From The Guardian:
A much-loved Québécois literary prize has been suspended after the five finalists for this year’s award publicly protested at its sponsorship by Amazon.
The CA$5,000 (£3,000) Prix littéraire des collégiens, running since 2003, is intended to promote Québécois literature and is decided by a jury of hundreds of students who select their winner from a selection of five works of fiction written in French by Canadian authors. But after this year’s finalists, the writers Lula Carballo, Dominique Fortier, Karoline Georges, Kevin Lambert and Jean-Christophe Réhel, discovered that Amazon Canada would be the prize’s new principal sponsor, they wrote to Le Devoir urging organisers to reconsider.
“Our great unease comes from the dangerous competition this giant has with Quebec bookstores. Need we remind you of the precariousness of the book trade and literary publishing? Need we mention the inhumane methods of this online giant, which constitute a danger for small traders and culture at large?” they wrote.
. . . .
“Could the [award] do without the money from Amazon? Find sponsors more in line with the values it stands for?” they asked. “Unfortunately, we believe that by uniting with Amazon, the prize is failing in its principal mission, which is to ‘promote Québécois literature today’ … We believe that the defence of Québécois literature and the promotion of a multinational that harms bookstores … cannot go together.”
After the letter was published, organisers announced the prize would be suspended. In a statement, co-founder Claude Bourgie Bovet said the decision was the “direct result of the distressing reaction of many parties in the Quebec book trade following the recent announcement of major support”.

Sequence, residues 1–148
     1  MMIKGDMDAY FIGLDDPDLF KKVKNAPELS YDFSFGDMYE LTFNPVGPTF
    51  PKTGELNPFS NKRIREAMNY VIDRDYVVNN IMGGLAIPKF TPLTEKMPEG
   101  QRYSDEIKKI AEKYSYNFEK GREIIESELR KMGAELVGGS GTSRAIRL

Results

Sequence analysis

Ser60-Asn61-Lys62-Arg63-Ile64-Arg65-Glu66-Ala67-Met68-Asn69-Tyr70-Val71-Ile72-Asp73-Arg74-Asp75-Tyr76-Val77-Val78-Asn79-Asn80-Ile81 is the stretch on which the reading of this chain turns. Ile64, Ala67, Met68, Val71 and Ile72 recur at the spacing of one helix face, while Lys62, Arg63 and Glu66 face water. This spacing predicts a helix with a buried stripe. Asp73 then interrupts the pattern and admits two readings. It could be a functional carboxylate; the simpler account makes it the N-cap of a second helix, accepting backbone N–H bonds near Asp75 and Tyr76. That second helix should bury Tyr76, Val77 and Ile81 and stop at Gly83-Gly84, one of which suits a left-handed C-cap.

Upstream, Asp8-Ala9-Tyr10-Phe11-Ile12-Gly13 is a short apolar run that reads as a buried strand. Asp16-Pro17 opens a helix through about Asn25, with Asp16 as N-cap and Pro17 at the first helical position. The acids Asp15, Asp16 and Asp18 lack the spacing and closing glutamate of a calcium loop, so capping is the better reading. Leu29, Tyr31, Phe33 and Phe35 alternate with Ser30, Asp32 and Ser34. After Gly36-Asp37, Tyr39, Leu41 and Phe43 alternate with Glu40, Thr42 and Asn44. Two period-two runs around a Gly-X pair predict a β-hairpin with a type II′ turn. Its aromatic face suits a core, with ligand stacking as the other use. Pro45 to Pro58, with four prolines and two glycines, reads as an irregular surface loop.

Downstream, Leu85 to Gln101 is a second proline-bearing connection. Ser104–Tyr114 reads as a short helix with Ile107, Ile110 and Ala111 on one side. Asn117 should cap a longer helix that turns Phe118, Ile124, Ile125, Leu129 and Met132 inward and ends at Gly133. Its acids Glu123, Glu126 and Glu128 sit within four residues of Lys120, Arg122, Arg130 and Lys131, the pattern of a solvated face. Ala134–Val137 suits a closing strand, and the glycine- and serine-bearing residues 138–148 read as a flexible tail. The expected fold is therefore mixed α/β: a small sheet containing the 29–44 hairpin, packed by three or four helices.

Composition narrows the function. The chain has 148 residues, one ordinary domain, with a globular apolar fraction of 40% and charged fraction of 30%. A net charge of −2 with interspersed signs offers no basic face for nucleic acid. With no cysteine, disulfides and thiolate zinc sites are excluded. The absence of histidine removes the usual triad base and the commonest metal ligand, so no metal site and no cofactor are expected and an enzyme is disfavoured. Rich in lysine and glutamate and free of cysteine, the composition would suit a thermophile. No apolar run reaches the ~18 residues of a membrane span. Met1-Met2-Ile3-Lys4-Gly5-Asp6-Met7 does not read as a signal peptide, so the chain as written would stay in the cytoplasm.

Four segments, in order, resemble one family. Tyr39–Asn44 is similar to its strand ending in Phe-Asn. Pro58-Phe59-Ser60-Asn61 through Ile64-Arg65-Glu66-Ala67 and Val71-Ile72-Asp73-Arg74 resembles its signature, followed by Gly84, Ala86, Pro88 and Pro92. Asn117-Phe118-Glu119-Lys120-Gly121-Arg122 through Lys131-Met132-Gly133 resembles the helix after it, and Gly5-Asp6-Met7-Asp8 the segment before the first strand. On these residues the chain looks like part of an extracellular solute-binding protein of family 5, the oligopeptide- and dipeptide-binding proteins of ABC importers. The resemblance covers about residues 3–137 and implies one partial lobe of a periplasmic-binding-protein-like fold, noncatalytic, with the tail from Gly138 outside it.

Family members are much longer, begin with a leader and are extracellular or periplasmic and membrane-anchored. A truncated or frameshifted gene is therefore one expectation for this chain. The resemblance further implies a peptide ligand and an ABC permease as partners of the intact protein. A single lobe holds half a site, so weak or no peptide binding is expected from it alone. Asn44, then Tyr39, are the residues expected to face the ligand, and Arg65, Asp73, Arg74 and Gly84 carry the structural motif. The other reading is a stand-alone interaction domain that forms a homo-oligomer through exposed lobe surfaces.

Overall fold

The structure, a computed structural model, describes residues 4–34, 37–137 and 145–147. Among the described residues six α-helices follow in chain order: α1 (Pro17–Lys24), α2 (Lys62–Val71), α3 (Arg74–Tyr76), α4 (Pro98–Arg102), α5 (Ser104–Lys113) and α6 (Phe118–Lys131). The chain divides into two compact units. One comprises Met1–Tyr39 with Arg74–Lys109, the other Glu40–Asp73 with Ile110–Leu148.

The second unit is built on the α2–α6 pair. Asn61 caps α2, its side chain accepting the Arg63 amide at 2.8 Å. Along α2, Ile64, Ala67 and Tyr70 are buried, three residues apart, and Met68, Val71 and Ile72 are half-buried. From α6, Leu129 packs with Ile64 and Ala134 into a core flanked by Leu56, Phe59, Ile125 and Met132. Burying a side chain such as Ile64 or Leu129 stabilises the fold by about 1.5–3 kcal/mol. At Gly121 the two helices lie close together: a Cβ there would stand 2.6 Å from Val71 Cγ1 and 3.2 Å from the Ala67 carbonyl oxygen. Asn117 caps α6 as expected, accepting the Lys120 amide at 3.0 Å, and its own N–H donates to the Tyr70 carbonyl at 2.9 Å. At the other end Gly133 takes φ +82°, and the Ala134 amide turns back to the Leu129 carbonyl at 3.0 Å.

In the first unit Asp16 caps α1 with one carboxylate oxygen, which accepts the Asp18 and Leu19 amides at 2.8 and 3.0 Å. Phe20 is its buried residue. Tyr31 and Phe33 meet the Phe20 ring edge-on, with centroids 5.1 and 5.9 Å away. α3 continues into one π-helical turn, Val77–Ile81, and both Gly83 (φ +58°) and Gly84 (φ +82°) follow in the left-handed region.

. . . .
Amazon has been approached for comment. The online giant had said, when it was announced as sponsor for the award, that it shared the programme’s “commitment to fostering a love for Québécois literature, both in the region and abroad”.
Link to the rest at The Guardian
PG will note that Quebec bookstores only serve those who live within a reasonable distance and can afford to pay what the bookstores and the publishers have decided they need in order to survive and prosper.
According to Statistics Canada, 19.4% of the provincial population of Quebec live in rural areas (areas with fewer than 1,000 inhabitants and a population density below 400 people per square kilometre). How many bookstores are within a reasonable distance of this rural population.
How many bookstores are located within First Nations communities? How many indigenous authors are published by traditional publishers in Quebec? How do the hurdles faced by indigenous authors seeking publication via traditional publishers compare with the hurdles faced by indigenous authors seeking publication via Kindle Direct Publishing?